The traditional May Count, organized by the Maryland Ornithological Society for the past 50 years, is yet another casualty of COVID-19. The May Count is something that many birders in our area look forward to, as a chance to get out and go birding with friends during one of the best times of the year. And it is a chance to contribute to science, by adding your sightings to the 50 years of observations of the passage of the wave of migrants through our area.
Although we can’t hold a traditional May Count this year, MOS invites you to a special weekend of birding, the C-Free May Count. During the weekend of May 9-10, get outside by sitting in your backyard, or by taking to your feet or bicycle, and go birding in the Carbon-free, COVID-free May Count. Go out and see the passage of the spring wave of warblers! And share what you have seen with MOS and the birding community, on the MOS Facebook page or the MDBirding Google group. You can also submit your observations to MOS via eBird, email, or even telephone. Complete instructions can be found atC-Free May Count.pdf. There is but one rule for the C-Free May Count: Go Birding!
If you do join the C-Free May Count, remember that May 9th is also Cornell Lab’s Global Big Day, so any eBird checklist submitted for that day will be included in the Big Day totals. And it is a prime time to contribute to the third Maryland-DC Breeding Bird Atlas, too, which has started collecting breeding bird observations just this year!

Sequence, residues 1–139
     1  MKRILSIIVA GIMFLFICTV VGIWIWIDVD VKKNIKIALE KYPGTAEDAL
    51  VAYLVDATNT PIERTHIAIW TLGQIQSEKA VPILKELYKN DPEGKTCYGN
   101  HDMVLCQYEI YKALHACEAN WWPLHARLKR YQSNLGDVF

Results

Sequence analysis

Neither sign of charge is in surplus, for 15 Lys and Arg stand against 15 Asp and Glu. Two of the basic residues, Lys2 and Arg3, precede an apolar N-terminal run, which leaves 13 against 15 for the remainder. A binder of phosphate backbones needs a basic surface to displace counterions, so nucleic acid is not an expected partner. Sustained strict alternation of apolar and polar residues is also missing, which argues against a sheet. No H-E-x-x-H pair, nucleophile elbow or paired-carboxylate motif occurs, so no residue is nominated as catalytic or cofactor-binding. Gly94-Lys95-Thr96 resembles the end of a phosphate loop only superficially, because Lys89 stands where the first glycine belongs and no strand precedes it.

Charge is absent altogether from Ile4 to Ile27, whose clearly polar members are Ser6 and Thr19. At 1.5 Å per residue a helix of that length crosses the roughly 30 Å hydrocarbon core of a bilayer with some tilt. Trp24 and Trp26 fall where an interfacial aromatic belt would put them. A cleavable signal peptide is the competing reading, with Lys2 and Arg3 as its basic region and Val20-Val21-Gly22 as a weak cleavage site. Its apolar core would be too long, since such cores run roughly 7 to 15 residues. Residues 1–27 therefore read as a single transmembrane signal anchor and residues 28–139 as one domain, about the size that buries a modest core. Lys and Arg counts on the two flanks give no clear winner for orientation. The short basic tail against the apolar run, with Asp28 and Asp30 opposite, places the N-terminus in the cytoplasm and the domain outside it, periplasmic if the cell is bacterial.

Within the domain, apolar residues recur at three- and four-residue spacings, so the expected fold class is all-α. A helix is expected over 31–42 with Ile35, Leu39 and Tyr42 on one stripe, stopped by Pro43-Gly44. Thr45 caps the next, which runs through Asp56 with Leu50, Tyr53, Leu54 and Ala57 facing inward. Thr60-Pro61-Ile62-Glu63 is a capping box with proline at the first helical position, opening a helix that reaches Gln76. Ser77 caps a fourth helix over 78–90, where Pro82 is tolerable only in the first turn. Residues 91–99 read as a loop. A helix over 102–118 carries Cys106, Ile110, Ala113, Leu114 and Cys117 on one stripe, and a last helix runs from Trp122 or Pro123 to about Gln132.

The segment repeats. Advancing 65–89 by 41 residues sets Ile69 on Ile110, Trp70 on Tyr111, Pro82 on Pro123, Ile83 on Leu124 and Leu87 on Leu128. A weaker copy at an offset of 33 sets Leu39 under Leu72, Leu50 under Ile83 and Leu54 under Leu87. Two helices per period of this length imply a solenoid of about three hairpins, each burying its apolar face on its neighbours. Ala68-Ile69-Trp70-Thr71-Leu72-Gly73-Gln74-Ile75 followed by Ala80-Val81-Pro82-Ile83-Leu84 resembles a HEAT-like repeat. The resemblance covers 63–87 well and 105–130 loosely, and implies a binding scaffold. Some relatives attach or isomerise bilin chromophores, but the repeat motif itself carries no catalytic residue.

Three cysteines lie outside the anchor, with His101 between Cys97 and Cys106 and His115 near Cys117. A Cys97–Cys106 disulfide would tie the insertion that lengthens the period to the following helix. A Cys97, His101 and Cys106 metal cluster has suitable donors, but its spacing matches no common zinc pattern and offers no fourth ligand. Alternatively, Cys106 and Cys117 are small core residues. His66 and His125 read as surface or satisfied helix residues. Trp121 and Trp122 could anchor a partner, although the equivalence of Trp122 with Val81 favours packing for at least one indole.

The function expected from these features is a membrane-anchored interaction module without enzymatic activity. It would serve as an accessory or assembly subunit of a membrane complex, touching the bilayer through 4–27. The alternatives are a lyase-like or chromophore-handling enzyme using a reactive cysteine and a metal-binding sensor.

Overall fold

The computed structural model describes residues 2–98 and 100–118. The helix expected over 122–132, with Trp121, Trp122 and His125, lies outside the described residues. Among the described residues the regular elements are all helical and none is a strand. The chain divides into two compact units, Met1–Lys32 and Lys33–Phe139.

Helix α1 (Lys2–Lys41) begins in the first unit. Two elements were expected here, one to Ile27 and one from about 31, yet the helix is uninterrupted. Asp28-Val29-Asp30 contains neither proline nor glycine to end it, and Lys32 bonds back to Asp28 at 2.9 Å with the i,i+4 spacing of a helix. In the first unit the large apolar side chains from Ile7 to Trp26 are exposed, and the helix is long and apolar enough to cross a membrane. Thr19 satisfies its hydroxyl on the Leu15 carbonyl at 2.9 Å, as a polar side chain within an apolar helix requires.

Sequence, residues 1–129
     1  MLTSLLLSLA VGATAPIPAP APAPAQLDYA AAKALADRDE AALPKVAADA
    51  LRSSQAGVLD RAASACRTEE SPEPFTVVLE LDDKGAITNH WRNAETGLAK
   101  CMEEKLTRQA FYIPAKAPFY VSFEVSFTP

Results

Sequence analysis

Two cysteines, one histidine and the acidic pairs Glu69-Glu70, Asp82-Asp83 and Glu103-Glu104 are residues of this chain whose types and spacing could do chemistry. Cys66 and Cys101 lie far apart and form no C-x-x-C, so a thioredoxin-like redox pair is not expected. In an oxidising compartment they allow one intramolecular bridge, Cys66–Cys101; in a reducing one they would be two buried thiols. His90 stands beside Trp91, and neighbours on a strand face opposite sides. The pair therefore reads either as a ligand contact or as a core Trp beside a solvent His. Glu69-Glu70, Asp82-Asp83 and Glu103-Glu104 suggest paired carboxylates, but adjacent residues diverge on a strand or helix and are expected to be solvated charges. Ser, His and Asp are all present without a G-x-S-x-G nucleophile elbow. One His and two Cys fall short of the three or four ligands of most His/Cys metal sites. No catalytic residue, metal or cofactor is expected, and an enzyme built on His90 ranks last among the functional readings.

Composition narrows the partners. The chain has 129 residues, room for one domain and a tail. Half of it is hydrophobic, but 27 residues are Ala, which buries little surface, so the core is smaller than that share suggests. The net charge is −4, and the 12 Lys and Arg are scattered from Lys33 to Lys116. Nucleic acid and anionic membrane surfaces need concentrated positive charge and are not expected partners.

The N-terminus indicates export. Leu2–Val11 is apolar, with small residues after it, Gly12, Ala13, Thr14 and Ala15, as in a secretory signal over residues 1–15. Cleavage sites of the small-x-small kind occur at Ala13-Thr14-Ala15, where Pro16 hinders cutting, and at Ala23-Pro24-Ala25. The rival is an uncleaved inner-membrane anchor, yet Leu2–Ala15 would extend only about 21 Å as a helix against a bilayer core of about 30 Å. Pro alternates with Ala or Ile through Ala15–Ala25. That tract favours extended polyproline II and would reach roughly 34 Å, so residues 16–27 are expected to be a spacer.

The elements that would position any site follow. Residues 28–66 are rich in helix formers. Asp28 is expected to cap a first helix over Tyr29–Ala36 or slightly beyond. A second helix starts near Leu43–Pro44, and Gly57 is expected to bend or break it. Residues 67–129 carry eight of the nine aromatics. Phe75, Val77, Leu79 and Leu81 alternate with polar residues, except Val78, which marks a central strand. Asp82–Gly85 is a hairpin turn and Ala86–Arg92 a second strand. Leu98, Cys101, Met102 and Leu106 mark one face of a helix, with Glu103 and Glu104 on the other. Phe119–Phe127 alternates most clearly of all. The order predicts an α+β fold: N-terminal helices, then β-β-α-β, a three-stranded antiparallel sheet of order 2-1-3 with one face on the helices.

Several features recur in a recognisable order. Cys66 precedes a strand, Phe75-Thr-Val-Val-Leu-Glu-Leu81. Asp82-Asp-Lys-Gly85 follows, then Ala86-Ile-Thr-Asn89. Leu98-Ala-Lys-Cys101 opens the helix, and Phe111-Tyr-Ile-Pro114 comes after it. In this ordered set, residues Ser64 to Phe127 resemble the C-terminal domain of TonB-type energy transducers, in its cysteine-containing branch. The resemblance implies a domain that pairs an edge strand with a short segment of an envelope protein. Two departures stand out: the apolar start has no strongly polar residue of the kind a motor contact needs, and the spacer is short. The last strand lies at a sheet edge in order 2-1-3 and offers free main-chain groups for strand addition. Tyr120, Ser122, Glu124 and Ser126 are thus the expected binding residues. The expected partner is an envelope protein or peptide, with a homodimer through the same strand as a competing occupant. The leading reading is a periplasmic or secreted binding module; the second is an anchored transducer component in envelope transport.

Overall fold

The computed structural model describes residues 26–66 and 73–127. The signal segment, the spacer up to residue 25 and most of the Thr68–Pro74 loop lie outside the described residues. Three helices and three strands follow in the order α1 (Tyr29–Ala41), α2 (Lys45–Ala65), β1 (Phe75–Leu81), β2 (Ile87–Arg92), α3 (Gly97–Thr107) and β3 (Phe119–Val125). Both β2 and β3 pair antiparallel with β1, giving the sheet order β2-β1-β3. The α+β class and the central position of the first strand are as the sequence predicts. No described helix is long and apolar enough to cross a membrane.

Celebrate the arrival of spring and the annual migration of the colorful warblers by going birding on the C-Free May Count!
John McKitterick Vice President, MOS
The May Count is held officially on the second Saturday in May, with several additional counts on the following Sunday or the weekend preceding. Maryland birders have conducted this survey of the bird populations in the state in the first half of May for over five decades. By the second week in May, many of the species that nest in Maryland have returned to their breeding grounds and they are temporarily joined by an array of Warblers, Vireos, and other migrating species whose numbers peak in the state around this time.
Because species diversity is at its highest point, plumages are the brightest, and bird songs fill the air, there is no better time in Maryland to bird than the first half of May. If you are willing to slap on some sun screen and insect repellent, you will be rewarded with a great day of birding. More volunteers mean better coverage is achieved. For those who are interested in participating for the first time, each County has an assigned compiler, who can provide you with maps of territories that need coverage and pair you up with experienced birders who will show you the ropes. You will learn new spots to bird that you didn’t know existed. Being part of a group is really important since warblers are often fast moving and higher in the tree canopy so many pairs of eyes are crucial, especially for the novice. Please contact the May Count coordinator for more information or contact your local chapter coordinator to learn how you can help. A list of the most recent County Compilers is available below along with other resources for the count.